Today I’m posting the recipe to a daal not cooked quite as frequently as other daals in my house, but one that my husband loves and calls ‘the king of all daals’, Mash ki Daal.
Please don’t ask me where he coined this term from because I have no idea and don’t even think it’s a thing. The point is though, he likes this daal.
I’ll be honest with you all and say I’ve never actually been a big fan of Mash ki Daal when others make it. Having said that, I’ll enjoy it thoroughly when it’s made my way – topped with lashings of butter, fresh coriander, a zesty onion salad on the side and a with a hot, fresh chapatti to scoop up all the flavour! This lentil has a wonderful quality in that it has a creamy, velvety feel to it, which gives it a luxurious edge other daals may lack. I feel this daal tastes better served with chapatti than rice, however that is a decision for you to make!
If you’re a Pakistani and anything like the Pakistani family I grew up in, you’ll know that we do heartily reach for the chicken and meat dishes much more than the vegetarian options. Daal is wonderful side to serve alongside any non-vegetarian dish to tone down the meatiness as well as get a greater variety of goods into the body.
This also goes fantastic served with an Achaar (pickled vegetables) or a chutney of sorts. Try out a tangy tomato-chilli jam if you have some to hand – this one is my ultimate favourite to have stocked up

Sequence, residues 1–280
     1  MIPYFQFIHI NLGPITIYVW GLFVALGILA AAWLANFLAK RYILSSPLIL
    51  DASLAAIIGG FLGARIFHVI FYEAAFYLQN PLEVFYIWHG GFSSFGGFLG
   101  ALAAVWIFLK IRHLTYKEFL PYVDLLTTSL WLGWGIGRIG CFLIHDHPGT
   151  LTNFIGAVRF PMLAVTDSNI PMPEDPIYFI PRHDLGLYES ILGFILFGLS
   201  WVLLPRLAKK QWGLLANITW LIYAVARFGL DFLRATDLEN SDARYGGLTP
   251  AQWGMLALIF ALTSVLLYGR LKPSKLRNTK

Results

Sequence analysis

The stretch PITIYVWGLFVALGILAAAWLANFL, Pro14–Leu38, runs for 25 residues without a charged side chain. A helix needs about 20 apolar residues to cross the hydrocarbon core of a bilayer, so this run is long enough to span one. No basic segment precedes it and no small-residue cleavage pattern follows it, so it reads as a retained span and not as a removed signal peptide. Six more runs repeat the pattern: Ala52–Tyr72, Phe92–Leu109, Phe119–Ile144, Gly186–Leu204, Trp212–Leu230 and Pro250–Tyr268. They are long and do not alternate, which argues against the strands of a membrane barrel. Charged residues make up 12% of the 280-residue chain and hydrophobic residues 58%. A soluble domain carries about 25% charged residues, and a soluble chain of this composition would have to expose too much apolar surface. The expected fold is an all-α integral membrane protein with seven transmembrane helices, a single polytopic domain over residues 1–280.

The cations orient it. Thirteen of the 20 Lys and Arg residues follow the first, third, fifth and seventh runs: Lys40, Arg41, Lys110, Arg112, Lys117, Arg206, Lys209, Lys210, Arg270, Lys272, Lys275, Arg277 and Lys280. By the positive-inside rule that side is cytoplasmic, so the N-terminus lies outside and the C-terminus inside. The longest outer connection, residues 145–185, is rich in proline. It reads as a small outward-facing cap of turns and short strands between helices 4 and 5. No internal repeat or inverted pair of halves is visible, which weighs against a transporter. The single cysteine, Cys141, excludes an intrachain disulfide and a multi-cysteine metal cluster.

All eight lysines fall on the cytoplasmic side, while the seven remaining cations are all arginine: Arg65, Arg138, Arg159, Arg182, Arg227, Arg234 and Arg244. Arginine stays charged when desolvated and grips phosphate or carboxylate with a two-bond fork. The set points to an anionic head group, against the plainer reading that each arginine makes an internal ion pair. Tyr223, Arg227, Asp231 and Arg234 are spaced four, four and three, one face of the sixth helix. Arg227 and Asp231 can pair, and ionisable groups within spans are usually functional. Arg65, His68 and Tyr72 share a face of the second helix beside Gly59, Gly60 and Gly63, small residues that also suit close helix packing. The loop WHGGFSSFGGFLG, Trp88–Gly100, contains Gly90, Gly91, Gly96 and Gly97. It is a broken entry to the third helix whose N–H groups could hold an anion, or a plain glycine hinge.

So, without further ado, here’s the recipe for Bhuni Maash ki Daal my way!
Edited to add: I have received comments and e-mails asking what Urid Daal is. Urid Daal is also known more simply as white lentils. I have also updated the title accordingly to clear up any confusion. Here is a link to these lentils on Amazon in case you would like to purchase them. They are readily available in the UK from Asian stores and stores like Tesco, Asda etc.
Not a fan of Mash ki Daal? No problem! I have a wonderful recipe for a standard Tadka Daal which I’m sure you’ll love too! Click to read!
- 5 tbsp oil
- 1 medium onion, chopped finely
- 5 cloves garlic, minced
- 1 inch chunk ginger, minced
- 2 small tomatoes
- 1 tsp salt
- 0.5 tsp red chilli powder
- 1.5 tsp coriander powder
- 1.5 tsp cumin powder
- 1 tsp cumin seeds
- 0.33 tsp turmeric
- 1 cup Urid lentils
- butter, to serve
- fresh coriander, for garnish
- green chilli, for garnish
- Wash the urid lentils and soak for 1 hour before using
- Heat the oil in a pot and add the onions, garlic and ginger. Saute this on high heat till they begin to brown
- Add the tomatoes, all the spices including the cumin seeds and a few splashes of water. Saute this, stirring constantly so as to help break down the tomatoes until the mixture becomes thick, integrated into one and begins to release its oil around the edges. This may take up to 15 minutes of stirring and you may need to add a few splashes of water if the tomatoes are not breaking down.
- Once the masala has been prepared, drain and add the urid lentils and 2 cups of water. Bring to a boil and then cook on low, covered, for 20-25 minutes until the lentils are tender. If there is too much water for your liking by the time the lentils are cooked, uncover the pot and dry out the water on high till they are to your liking. Adjust seasonings to taste.
- Garnish with chopped coriander, chopped green chilli and a knob of butter and serve hot with chapatti.
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